About 100 members from the nonprofit Poker Players Alliance -- including poker stars Howard Lederer, Annie Duke, Chad Brown and Vanessa Rousso -- were in Washington this week to raise the stakes and push legislative proposals that would ease federal restrictions on Internet poker.
At issue is the Unlawful Internet Gambling Enforcement Act of 2006 that bars the transfer of funds between financial institutions and Internet gambling sites, with the exception of "fantasy" sports, Internet lotteries and horse racing. Poker players want in on the action under an exception for their sport.
Two bills in the House seek to provide that.
One, proposed by Rep. Barney Frank, D-Mass., would essentially revamp last year's measure. The other, called the Skill Game Protection Act, sponsored by Rep. Robert Wexler, D-Fla., would establish poker, bridge, mah-jong, chess and backgammon as games of skill. It would grant those games the same exemption that existing law gives online horse racing, fantasy sports and Internet lotteries.
"I think poker is a sport. It's people having a good time. It's a skill game," said 24-year-old Rousso, who stunned the poker world last year by placing seventh at the World Poker Tour Championship in Las Vegas.
"I studied game theory at Duke University (as an undergrad) and specialized in it. There is a uniquely mathematical optimal move to every single decision that you make in a game of poker. It's much more akin to chess. The only thing it has in common with the other more traditional forms of gambling is the fact that it is housed in a casino," she said.
Rousso ended 2006 as the top earning female in the U.S. circuit and has banked $1.6 million in her two years of professional play. A full-time law student at the University of Miami, Rousso said Internet gambling opportunities are important, especially for women, which is why she was in Washington Wednesday lobbying for change.
"Being a woman, playing on the Internet was a great way for me to become comfortable playing the game before having to sit down with a bunch of older guys in the intimidating atmosphere of a real casino. I play about 10 hours a week online and as a professional player, it allows me to constantly hone my game and improve," she said.
Expanding gambling while curbing problems
At the heart of Frank's bill is regulation that would allow U.S. companies to accept bets and wagers online from reputable agencies, while combating concerns about underage players and gambling addiction. This would entail using advanced technology capable of age verification, geo-location and identification of problem gamblers.
Supporters of the law in 2006 said it would help lower levels of gambling addiction. Many represented constituents opposed to gambling itself.
The Family Research Council, which backed the effort to restrict Internet gambling, cited research that said "accessibility of gambling leads to increased gambling addiction and the resulting social ills associated with gambling activities."
The key argument among the poker players supporting Frank's legislation is that the 2006 law infringes on civil liberties by authorizing government to rule on what Americans should or should not do in the privacy of their homes, said John Pappas, executive director for the poker alliance.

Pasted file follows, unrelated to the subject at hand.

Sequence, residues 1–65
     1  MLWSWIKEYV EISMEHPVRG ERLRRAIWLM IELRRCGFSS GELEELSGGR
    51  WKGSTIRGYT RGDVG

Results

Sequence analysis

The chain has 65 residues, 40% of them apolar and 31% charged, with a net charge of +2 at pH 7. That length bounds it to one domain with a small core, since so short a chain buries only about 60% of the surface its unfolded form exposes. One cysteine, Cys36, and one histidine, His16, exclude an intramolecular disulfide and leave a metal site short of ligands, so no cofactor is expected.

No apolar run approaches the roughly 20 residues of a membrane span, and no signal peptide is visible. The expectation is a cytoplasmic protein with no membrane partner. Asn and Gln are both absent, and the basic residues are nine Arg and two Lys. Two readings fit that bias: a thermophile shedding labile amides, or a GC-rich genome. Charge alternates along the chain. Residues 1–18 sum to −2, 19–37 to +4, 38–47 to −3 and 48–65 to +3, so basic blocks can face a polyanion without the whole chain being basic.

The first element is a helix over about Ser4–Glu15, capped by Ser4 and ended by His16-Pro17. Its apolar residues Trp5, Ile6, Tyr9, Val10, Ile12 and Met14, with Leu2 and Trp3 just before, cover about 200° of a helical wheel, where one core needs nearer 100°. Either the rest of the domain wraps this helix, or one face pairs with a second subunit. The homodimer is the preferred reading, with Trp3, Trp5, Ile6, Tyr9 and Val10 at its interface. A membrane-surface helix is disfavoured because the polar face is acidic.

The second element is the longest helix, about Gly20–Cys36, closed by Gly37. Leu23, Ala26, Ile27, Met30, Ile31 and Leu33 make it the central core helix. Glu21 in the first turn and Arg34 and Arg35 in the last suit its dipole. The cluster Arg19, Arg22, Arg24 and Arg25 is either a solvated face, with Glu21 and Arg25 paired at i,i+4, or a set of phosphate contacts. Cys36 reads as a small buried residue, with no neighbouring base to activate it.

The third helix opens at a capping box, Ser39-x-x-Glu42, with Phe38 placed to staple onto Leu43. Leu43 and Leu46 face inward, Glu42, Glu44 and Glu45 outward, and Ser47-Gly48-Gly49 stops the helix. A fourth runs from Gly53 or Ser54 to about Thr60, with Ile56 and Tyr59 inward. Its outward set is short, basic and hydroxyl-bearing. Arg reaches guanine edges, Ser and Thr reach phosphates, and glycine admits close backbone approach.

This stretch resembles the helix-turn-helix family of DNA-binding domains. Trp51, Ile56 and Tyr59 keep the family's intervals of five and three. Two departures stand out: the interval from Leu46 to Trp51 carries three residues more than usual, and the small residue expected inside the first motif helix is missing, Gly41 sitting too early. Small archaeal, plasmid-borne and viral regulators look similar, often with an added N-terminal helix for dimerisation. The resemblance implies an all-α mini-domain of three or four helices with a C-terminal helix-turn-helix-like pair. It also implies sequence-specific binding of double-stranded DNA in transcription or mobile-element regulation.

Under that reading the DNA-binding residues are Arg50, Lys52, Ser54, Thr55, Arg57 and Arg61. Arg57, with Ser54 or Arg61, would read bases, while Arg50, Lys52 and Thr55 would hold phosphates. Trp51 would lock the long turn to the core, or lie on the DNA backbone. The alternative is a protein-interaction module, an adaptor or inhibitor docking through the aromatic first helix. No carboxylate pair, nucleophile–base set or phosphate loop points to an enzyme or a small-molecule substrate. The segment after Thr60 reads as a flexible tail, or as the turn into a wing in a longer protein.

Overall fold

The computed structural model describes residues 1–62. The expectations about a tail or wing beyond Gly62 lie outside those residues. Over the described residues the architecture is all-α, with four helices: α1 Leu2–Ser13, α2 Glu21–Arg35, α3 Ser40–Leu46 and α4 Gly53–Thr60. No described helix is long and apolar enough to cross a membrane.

"Poker players are being inconvenienced," said poker pro Lederer at a public policy forum on the future of Internet poker Wednesday. "We have to respect the privacy of Americans at home."
Also driving the lobbying effort is the lack of consumer safety in the 2006 internet gambling law, said Radley Balko, senior editor of Reason magazine and a participant on the poker policy panel. Americans are forced to shift to black and gray markets, where there are issues of accountability in the event of fraudulent activities, he said.
Trade and protectionism
The Internet gambling law led to a World Trade Organization ruling in favor of the Caribbean nation of Antigua, which charged the U.S. with violating its treaty obligations by not granting full market access to online gambling companies based in the island nation. Antigua filed a claim for $3.4 billion in trade sanctions against the U.S.
"Basically, the bottom line is protectionism," said Gary Shaw, founder of St. Minver Ltd., a pan-European, multicurrency gaming operator based in Gibraltar, a British outpost on the southern tip of the Iberian peninsula.
"They can't stop players from playing," he explained. "The (new) legislation will emerge and will grant a few licenses to big incumbent organizations." It will be the big casino groups with political clout that will be the ones getting the licenses, he added.
His company offers integrated gaming solutions for European companies and relies on technology for reliable banking and fraud-protection services, he said. He argued that technology is available that effectively safeguards poker-playing consumers.
Reason senior editor Balko echoed Shaw's comments about the role of government. "We will see the government picking winners and losers when it starts handing out these contracts," said Balko. "I would rather see an open market. It's not ideal, but it's still better than what we have now."